“The Battle for Fox Green Beach,” watercolor by Dwight Shepler, showing the Gleaves class destroyer USS Emmons(DD 457) foreground and her sistership, the USS Doyle, to the right, within a few hundred yards of the landing beach, mixing it up with German shore batteries on D-Day

Heavy propellers of a Rhine Ferry are swung aloft as Seabees complete the assembly of the pontoons which make up the strange craft at the invasion port somewhere in England. Drawn by Navy Combat Artist Lieutenant Dwight C. Shepler, USNR. Artwork received 12 June 1944. NHHC 80-G-45675

Task Force of Two Navies” Watercolor by Dwight Shepler, USNR, 1943, depicting U.S. and British warships in the Pentland Firth during an operation toward the Norwegian coast, coincident with the Sicily invasion, July 1943. Alabama (BB 60) is in the lead, followed by HMS Illustrious and HMS King George V. Three British carrier-based fighters (two “Seafires” and a “Martlet”) are overhead. Official USN photo # KN-20381, courtesy of the U.S. Navy Art Collection, Washington, DC, now in the collections of the National Archives.

“First Reconnaissance – Manila Harbor. Painting, Watercolor on Paper; by Dwight Shepler; 1945; Framed Dimensions 31H X 39W. Two PT’s prowled inside the breakwater entrance of Manila Harbor on February 23, 1945, first U.S. Naval vessels to enter in three years. Treading the mine-strewn waters of Manila Bay, PT’s 358 and 374 probed into the shoal harbor waters where countless enemy vessels sat on the bottom in mute testament of the severity of the fast carrier strikes of the fall of 1944. Manila smoked and exploded from the final fighting in Intramuros and the dock area.” (NHHC: 88-199-FY)

Minesweeper Before Corregidor Cleaning a pathway through the mines off Bataan peninsula, these hardy little minesweepers can work under severe Japanese coastal bombardment. Despite Army air cover overhead, the enemy shore guns sank the motor minesweeper YMS-48 and damaged the destroyers, Fletcher and Hopewell. On the following day, a naval task group landed Army troops on the peninsula and a short time thereafter resistance ceased on Corregidor and Bataan.Painting, Watercolor on Paper; by Dwight C. Shepler; 1945; Framed Dimensions 30H X 39W Accession #: 88-199-GK

Preparations For Getting Underway DN-SC-83-05402

He also did a number of historic scenes for the branch.

Watercolor painting by Dwight Shepler of the USS South Dakota in action with Japanese planes during the Battle of Santa Cruz which took place October 11-26, 1942.

This image was used in a number of adverts during the War.

The Spider and the Fly — USS Hornet CIC at Midway. During World War II, battles were won by the side that was first to spot enemy airplanes, ships, or submarines. To give the Allies an edge, British and American scientists developed radar technology to “see” for hundreds of miles, even at night.Painting, Oil on Canvas; by Dwight Shepler; 1945; Framed Dimensions 28H X 40W Accession #: 88-199-GN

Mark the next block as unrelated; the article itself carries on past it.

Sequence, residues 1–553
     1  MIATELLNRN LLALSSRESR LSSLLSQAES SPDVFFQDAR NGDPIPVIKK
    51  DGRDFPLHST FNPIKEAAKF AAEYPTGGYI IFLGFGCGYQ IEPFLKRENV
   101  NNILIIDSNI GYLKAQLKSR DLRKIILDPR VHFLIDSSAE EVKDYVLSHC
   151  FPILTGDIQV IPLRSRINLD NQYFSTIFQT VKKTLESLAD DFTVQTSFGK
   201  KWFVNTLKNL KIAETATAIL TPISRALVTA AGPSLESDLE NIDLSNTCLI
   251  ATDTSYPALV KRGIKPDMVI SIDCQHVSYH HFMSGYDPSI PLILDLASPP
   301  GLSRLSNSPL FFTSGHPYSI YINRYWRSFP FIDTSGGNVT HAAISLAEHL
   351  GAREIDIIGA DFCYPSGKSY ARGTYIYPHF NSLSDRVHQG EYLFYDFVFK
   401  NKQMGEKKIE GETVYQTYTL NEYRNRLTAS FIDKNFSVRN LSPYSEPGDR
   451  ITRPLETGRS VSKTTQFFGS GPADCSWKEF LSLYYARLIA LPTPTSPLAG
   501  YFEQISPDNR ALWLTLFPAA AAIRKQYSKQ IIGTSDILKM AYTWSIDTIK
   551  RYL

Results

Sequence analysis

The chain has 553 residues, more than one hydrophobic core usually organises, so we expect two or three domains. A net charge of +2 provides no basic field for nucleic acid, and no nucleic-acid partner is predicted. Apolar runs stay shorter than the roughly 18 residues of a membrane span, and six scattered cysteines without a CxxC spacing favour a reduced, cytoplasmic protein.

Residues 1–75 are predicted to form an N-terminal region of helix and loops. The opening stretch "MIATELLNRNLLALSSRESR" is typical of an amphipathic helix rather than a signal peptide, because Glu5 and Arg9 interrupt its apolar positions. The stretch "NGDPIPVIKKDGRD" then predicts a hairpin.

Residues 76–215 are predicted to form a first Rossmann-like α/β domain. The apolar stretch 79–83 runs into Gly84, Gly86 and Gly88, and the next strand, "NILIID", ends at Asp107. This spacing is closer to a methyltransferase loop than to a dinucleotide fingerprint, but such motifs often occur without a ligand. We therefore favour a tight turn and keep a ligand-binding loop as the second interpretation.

Japanese dive bomber swoops down in a kamikaze attack on USS Hornet (CVA 12) and is disintegrated by the ships anti-aircraft fire before it can hit the carrier. This is a copy of a watercolor painted by Lieutenant Dwight C. Shepler, USNR, Navy Combat Artist, from memory of an actual combat experience. Photographed released August 10, 1945. U.S. Navy Photograph, now in the collections of the National Archives. 80-G-700121

On 5 September 1813, the schooner Enterprise, commanded by Lieutenant William Burrows, captured the brig HMS Boxer off Portland, Maine in a twenty-minute action that saw both commanding officers die in battle. Enterprise’s second in command, Lieutenant Edward R. McCall then took Boxer to Portland, Maine. USS Enterprise versus HMS Boxer in action off the coast of Maine. Artist, Dwight Shepler. Enterprise was commanded by Lt William Burrows. Unfortunately, NHHC Photograph Collection, NH 47013-KN

For his service as a Combat Artist, the Navy awarded Shepler the Bronze Star. He left the branch in 1946 as a full Commander, USNR, having produced more than 300 paintings and drawings.

U.S. Navy artists, (left to right), Lieutenant William F. Draper, Lieutenant Dwight C. Shepler, and Lieutenant Mitchell Jamieson, conferring with Lieutenant Commander Parsons in the Navy Office of Public Relations, Washington, D.C., November 20, 1944. NHHC 80-G-47096

After the war, he continued his career as a pioneer watercolorist of the high ski country and later served as president of the Guild of Boston Artists.

Dwight Shepler, Mount Lafayette, and Cannon Mountain, N. H., n.d., watercolor, Smithsonian American Art Museum, Gift of the Ford Motor Company, 1966.36.179

He died at age 69 in Weston, Mass. His works are on wide display from the Smithsonian to the Truman Library and various points in between. His oral history is in the National Archives.

Thank you for your work, sir.

The Ghost of Ulithi anchorage

(click to big up)

(click to big up)

Task Group 38.3 enters Ulithi anchorage in column,  December 1944, while returning from strikes on targets in the Philippines. Ships are (from front): Independence-class light aircraft carrier USS Langley (CVL-27); Essex-class fleet carrier USS Ticonderoga (CV-14); fast battleship sisters USS Washington (BB-56) and  USS North Carolina (BB-55); fast battleship class leader USS South Dakota (BB-57); three Cleveland-class light cruisers USS Santa Fe (CL-60); USS Biloxi (CL-80); USS Mobile (CL-63) and the  Atlanta-class light cruiser USS Oakland (CL-95). Official U.S. Navy Photograph, now in the collections of the National Archives (photo # 80-G-301351).

All told you are looking at 150~ aircraft and float-planes, 27 x 16-inch naval guns, 36 x 6-inch guns, at least 104 5-inch guns, and well over 700 40mm and 20mm AAA guns spread across these nine hulls. Now that‘s firepower.

Of these the mast of the USS Biloxi is in downtown Biloxi, Mississippi next to the Hard Rock Casino, the USS North Carolina is preserved as an intact museum ship in Wilmington, and the mast of the USS Oakland at the Middle Harbor Shoreline Park in Oakland, CA. As such, the ships in this picture in one form or another now stretch from the East to the Gulf to the West coasts of the United States, keeping the ghost of Task Group 38.3 very much alive.